Joseph Mack NA3T wrote:
> On Fri, 26 Oct 2007, Nikolaj wrote:
>> When one requests a resource using one of the two algorithms it will get
>> routed to some of the real servers.
> one of the realservers
>> And what will happen to any
>> subsequent TCP packets belonging to the same connection?
> will go to the same realserver (you can't break a tcpip
Basically when a connection is established LVS creates some sort of a
connection table and looks it up to see if there is a connection with
the parameters in the TCP packet (sequence number, dest ip address) etc.
right and after a certain amount of time this info expires?
>> Now about the source hashing and destination hashing. Source hashing
>> refers to which source ip?
> source of the packet coming from the internet
If I'm right about the hashing as I said above, what's the difference
with source hashing? For example if a given ip has already made a
connection to one service and made another connection to a different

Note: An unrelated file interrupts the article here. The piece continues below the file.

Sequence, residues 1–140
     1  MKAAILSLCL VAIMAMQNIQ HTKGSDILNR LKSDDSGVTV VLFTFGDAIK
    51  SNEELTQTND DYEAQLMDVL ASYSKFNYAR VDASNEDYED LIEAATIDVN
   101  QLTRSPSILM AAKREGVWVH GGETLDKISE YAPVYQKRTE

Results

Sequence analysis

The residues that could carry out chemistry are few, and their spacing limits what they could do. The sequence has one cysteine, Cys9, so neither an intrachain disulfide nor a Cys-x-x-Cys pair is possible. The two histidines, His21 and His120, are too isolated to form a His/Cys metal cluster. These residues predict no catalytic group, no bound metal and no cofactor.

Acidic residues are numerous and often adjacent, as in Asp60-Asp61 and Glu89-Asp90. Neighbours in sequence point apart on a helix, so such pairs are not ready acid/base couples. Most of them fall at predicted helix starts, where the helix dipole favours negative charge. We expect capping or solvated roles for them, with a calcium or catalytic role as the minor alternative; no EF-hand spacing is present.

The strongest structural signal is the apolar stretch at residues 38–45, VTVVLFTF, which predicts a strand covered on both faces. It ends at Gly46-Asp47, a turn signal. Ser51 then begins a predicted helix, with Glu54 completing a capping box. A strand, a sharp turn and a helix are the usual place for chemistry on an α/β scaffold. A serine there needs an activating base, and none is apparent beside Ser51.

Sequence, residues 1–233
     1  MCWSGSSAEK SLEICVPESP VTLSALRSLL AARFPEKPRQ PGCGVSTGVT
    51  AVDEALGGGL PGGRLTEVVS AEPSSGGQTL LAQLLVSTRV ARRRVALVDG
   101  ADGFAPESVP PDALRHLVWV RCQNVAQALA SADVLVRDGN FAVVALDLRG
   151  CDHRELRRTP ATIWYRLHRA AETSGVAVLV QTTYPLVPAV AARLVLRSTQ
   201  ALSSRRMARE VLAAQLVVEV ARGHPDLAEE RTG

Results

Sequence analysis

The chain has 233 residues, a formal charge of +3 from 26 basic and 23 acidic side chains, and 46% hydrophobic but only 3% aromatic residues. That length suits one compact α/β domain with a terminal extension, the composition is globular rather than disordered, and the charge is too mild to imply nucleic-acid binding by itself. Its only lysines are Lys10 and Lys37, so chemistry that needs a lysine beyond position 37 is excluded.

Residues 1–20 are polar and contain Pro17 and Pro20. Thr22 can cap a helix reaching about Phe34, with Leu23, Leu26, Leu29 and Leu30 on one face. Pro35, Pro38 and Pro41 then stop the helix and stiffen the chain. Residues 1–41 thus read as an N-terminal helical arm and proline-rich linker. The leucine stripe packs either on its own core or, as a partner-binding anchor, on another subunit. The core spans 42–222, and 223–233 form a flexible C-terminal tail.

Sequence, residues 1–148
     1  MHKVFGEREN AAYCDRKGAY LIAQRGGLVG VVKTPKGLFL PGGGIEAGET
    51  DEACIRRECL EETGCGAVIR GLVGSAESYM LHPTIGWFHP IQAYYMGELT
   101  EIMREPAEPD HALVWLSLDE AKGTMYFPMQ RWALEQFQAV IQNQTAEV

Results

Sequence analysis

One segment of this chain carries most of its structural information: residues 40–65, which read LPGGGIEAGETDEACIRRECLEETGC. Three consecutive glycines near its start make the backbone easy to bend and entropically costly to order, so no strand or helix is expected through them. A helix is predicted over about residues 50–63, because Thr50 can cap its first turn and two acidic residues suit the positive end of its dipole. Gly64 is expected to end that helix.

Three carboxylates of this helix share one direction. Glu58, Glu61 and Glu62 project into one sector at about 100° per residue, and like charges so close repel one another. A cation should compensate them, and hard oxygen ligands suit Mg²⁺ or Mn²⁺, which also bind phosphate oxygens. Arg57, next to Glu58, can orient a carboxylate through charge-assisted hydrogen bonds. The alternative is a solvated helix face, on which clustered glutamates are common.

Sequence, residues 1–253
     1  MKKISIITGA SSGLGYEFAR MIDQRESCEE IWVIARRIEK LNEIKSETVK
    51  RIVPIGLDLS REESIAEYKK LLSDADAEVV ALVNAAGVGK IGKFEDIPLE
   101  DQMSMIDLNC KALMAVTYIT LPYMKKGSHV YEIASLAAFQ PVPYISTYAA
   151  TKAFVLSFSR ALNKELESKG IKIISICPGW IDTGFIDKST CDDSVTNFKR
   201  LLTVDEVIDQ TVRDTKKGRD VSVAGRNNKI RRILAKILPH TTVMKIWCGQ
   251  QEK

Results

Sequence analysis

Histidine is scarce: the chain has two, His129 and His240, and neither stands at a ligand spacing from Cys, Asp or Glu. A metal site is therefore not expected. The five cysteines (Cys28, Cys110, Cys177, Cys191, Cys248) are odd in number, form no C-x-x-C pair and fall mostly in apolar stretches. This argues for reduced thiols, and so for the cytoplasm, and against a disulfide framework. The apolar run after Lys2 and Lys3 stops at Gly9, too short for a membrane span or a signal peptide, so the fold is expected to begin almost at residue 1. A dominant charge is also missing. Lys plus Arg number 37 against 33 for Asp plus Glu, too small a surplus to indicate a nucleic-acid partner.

service but with the same source ip address the second connection will
be redirected to the same real server as the first one, won't it?
>> The client's? And the destination? Isn't the
>> destination ip always the same - the virtual ip?
> I forget what DH balances on. I thought I wrote it up in the
>> I think more distinct and precise information should be entered in the
>> LVS howto. Also a separate section covering the scheduling algo will be
>> a good addition to the howto.
Excerpt from the howto
"The -dh (destination hash) algorythm makes a hash from the target IP
and all requests to that IP will be sent to the same realserver. This
means that content from a URL will not be retrieved multiple times from
the remote server. The realservers (eg squids in this case) will each be
retreiving content from different URLs."
But the client doesn't know what are the real ips of the real servers
how can they be cached (the ip addresses)? Or maybe LVS hashes the
destination ip after it receives the packets and decides to witch real
server to send it?
> It would be a wonderful contribution. Would you be prepared
> to write it up?
I'm ready to write it, as soon as I'm confident with the differences
between the different scheduling algorithms and the pros and cons.